There is no such thing as a sample implementation.
You send an order to the market: self.buy(price=myprice, exectype=bt.Order.MyPreferredExecutionType)
The order is completed and notified to notify_order(order)
order.executed.price contains the actual execution price
A new order is sent to act as a stop-loss order: self.sell(price=% of order.executed.price, exectype=probably Stop)
You want to use replay. The strategy doesn't actually run every minute but runs with every tick of the data, slowly recreating the day. The indicators attached to the replayed data are re-calculated automatically for the current day with each new tick (there is no need to recalculate the previous days)
@ab_trader In theory yes, because there was a use case with spreads (which oscillate around 0). The problem there was that some of Python tests for existence would fail because the price was zero. It was dealt with a long time ago.
I'm trying to use btrun, and code a generic strategy which I can control with btrun. My data is typically minute bars, however, in the strategy, I would like to use a 10-day indicator. How can I do this in the strategy? Or btrun options?
If the only data feed in the strategy is has a Minutes/x timeframe/compression specification, you cannot have an indicator calculating in days.
An Order instance (let's call it order) carries an attribute data which is the asset on which the order has been issued. The ticker name should be available as: order.data._name (where _name is the name you have assigned when using adddata)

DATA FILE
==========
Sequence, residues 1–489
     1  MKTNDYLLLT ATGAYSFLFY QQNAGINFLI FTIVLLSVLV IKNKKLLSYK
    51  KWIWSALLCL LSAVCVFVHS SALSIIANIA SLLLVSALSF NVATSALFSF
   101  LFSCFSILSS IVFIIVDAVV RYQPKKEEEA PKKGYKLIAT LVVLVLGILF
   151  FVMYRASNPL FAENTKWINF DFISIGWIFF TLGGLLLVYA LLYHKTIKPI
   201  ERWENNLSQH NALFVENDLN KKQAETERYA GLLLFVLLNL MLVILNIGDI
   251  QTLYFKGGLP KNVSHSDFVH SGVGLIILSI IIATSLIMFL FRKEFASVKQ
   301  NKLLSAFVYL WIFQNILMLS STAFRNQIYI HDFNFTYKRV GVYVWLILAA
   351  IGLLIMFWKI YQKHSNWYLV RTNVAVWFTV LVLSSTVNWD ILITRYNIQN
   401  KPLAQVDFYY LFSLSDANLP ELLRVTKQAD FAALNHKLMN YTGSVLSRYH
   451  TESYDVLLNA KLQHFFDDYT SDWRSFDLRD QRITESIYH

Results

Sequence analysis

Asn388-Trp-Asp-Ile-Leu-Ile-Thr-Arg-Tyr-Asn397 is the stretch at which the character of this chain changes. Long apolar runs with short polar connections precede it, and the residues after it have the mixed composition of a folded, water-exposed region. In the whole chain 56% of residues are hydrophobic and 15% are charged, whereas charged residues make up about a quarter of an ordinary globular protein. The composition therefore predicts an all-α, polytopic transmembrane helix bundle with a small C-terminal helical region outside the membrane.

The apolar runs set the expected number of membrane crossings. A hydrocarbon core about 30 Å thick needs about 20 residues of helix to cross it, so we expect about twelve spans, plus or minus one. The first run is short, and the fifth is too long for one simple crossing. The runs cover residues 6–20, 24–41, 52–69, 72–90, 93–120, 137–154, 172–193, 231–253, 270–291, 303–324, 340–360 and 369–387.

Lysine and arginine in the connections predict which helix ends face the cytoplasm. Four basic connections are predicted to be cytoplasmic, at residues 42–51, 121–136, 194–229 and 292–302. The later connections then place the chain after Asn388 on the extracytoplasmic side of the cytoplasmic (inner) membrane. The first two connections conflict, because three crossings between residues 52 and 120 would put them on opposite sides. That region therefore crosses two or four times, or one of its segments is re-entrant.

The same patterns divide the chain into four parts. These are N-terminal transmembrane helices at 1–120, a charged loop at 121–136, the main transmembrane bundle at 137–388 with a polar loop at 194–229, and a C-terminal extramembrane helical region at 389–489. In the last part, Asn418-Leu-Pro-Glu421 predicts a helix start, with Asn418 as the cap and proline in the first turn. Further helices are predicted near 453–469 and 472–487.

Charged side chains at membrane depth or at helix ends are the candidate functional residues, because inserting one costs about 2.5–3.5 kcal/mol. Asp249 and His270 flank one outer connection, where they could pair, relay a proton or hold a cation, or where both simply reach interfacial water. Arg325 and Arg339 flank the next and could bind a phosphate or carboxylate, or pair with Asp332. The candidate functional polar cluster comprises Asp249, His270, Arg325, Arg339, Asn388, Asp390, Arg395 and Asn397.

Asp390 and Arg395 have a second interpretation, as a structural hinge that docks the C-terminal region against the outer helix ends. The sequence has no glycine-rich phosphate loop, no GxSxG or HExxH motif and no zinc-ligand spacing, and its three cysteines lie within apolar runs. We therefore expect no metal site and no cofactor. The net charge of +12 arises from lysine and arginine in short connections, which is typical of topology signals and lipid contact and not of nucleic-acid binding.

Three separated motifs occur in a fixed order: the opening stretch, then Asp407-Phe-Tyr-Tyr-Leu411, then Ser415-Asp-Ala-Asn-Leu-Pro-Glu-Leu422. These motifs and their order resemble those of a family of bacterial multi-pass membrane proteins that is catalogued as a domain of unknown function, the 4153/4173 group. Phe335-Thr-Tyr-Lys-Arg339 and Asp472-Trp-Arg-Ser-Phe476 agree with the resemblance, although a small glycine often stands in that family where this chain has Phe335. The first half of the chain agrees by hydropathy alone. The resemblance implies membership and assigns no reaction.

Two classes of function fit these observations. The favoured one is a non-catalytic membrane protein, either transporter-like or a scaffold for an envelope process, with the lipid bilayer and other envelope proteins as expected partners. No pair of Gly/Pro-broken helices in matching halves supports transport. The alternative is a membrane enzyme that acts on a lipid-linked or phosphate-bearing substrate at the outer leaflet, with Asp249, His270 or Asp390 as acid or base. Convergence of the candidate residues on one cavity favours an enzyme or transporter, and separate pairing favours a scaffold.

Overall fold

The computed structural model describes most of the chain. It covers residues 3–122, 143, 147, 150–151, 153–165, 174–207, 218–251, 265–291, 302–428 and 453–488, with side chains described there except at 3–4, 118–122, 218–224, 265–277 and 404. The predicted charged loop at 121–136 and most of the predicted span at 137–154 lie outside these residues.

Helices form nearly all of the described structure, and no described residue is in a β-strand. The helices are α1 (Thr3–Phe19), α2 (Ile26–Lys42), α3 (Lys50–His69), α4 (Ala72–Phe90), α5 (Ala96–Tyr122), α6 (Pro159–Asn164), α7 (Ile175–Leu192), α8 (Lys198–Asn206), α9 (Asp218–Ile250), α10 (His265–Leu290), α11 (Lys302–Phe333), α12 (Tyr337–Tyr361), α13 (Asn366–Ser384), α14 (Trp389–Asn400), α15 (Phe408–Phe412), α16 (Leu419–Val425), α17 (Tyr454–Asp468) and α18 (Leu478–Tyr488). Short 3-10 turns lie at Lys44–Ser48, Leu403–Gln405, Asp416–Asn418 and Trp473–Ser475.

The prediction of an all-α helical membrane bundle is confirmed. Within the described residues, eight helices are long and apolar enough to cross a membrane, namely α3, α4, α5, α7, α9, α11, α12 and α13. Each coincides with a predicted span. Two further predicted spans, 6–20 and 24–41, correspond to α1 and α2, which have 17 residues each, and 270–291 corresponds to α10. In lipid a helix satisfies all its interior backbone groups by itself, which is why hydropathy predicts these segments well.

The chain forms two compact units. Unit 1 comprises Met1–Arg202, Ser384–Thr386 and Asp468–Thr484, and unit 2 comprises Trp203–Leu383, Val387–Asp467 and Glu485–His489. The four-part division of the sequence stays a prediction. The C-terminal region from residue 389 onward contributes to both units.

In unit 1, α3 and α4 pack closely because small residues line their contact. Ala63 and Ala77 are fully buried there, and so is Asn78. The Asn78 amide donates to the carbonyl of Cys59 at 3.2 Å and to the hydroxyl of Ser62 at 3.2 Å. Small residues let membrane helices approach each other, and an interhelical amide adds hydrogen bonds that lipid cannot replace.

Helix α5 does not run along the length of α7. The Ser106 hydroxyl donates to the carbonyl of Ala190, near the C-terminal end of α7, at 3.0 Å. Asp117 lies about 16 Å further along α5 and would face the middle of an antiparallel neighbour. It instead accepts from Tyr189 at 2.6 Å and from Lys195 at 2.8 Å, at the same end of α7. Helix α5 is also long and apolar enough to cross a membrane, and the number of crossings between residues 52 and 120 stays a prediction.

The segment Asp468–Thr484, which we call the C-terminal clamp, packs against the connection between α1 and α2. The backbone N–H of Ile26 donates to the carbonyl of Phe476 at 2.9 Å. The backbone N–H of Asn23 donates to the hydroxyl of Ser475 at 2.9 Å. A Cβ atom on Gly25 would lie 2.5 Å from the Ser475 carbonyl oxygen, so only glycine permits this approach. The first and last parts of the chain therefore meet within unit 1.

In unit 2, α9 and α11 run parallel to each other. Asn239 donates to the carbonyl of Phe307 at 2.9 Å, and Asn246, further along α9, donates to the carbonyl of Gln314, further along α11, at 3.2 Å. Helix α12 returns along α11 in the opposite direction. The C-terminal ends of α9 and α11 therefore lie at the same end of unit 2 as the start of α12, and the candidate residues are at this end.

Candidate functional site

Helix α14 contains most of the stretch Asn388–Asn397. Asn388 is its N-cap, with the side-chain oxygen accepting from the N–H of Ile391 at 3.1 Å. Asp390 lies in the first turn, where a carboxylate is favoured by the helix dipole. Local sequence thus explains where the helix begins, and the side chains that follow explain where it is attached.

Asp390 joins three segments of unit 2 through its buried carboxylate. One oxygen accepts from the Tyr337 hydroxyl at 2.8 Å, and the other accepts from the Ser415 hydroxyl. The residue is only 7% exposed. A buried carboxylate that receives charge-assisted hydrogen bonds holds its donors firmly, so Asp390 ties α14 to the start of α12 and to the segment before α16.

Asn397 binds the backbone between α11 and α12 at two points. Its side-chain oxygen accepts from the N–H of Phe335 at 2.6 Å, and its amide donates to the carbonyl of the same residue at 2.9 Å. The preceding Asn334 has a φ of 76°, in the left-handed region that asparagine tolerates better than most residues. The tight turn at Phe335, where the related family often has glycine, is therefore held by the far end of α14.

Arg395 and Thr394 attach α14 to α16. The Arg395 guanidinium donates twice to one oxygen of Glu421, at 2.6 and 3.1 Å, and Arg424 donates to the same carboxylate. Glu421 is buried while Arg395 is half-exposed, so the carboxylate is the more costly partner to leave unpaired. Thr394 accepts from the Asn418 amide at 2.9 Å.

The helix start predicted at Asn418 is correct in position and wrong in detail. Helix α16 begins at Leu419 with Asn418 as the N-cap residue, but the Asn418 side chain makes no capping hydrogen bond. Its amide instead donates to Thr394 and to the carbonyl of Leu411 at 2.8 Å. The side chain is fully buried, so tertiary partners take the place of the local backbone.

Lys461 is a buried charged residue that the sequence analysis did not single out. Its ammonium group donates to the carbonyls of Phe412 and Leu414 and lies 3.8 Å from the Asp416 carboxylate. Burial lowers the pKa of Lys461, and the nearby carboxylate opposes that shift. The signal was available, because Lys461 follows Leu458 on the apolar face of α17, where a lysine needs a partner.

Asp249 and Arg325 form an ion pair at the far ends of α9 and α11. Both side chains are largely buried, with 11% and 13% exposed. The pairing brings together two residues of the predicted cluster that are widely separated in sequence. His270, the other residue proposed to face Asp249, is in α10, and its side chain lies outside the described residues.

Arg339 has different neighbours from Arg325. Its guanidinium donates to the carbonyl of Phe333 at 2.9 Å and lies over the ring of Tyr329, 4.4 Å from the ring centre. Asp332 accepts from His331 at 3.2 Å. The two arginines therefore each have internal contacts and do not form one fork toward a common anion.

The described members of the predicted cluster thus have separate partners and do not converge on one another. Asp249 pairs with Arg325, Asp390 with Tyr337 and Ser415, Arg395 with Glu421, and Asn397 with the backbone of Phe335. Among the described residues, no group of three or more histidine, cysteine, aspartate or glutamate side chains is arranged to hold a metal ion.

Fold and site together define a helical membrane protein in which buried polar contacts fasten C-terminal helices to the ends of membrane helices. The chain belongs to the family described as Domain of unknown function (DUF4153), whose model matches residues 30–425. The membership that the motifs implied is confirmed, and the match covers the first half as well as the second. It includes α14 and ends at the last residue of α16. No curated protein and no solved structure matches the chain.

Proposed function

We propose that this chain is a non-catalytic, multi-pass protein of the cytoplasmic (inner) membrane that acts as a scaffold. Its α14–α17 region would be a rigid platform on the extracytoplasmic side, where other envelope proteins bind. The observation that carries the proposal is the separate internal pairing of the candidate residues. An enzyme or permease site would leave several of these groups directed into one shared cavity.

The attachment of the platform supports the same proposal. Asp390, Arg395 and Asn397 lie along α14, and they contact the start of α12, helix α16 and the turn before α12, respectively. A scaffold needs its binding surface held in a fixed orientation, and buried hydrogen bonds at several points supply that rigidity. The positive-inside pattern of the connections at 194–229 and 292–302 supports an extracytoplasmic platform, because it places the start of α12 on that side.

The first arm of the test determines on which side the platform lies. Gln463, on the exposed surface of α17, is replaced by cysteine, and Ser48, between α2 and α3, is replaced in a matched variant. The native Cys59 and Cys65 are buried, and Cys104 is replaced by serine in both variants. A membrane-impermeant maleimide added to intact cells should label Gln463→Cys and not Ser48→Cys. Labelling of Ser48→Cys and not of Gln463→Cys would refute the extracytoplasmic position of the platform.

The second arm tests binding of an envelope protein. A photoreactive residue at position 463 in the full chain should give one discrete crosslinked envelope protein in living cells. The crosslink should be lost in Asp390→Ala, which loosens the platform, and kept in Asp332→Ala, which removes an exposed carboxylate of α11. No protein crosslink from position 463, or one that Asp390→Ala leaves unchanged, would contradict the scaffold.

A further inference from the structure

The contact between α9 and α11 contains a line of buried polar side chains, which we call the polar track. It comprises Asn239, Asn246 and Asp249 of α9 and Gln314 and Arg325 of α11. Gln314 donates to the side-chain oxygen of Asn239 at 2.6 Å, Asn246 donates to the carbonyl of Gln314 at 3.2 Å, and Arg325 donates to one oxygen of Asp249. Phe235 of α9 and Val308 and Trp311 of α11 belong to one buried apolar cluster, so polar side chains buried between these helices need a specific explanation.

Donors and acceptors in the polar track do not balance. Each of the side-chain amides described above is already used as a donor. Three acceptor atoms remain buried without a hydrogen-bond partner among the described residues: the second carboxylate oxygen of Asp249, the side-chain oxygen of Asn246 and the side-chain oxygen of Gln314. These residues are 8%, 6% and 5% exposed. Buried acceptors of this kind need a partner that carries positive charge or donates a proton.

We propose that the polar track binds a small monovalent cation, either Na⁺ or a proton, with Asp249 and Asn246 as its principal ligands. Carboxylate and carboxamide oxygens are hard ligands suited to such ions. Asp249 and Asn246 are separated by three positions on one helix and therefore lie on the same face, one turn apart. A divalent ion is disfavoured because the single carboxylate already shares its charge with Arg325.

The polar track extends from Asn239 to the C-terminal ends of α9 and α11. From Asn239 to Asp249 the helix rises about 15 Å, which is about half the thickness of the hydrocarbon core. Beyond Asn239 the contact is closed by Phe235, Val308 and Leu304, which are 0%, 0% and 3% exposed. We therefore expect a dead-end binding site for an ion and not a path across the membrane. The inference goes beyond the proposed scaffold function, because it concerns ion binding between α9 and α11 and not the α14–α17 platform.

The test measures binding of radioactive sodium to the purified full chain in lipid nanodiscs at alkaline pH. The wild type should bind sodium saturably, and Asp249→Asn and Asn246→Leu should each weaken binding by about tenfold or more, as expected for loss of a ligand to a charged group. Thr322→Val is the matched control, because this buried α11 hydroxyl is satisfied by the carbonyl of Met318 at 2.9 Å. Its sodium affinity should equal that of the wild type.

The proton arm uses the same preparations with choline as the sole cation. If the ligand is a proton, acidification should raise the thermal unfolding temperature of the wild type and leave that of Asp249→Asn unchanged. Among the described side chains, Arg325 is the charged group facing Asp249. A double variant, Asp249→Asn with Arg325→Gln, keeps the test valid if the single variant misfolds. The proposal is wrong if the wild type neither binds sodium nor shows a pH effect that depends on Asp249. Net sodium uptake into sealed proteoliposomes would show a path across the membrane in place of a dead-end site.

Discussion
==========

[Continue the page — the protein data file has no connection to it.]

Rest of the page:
Names are actually a late addition to backtrader, because one of the underlying design concepts is that the development of a trading idea should, ideally, not be bound to a specific asset.
A signal / indicator has (like a Strategy) receives an array of the available data feeds in the environment in which they are instantiated (an Indicator can be instantiated inside a Strategy or inside another Indicator)
If your Strategy has 4 data feeds, the indicator will default to receiving 4 data feeds, which will be available in the iterable self.datas and as self.data0, ..., self.data3. Most indicators actually only use 1 data feed. One can actually declare that a given indicator must receive more than 1 data feed.
The outer SMA receives the inner SMA as data feed. And this data feed carries no name, even if it's calculating the simple moving average of self.data1. We still don't know what self.data1 is. It could be an RSI for example. See:
MyInd2 passes 2 data feeds, one is the main data feed received (which can be anythin) and the 2nd is the RSI. As such MyInd1 receives an RSI instance as self.data1, but it doesn't know it. It simply does an SMA on it and then a 2nd SMA
If your signal is going to be name-bound, it will be limited to real data feeds which carry a _name attribute and will fail to be generic for any kind of actual data feed, like in the examples above.
lines = ('name_bound',)
if self.data0._name == 'my-preferred-name':
self.lines.name_bound = bt.ind.SMA(self.data3)
self.lines.name_bound = bt.ind.SMA(self.data2)
At least data0 must be a real data feed with a name in that example.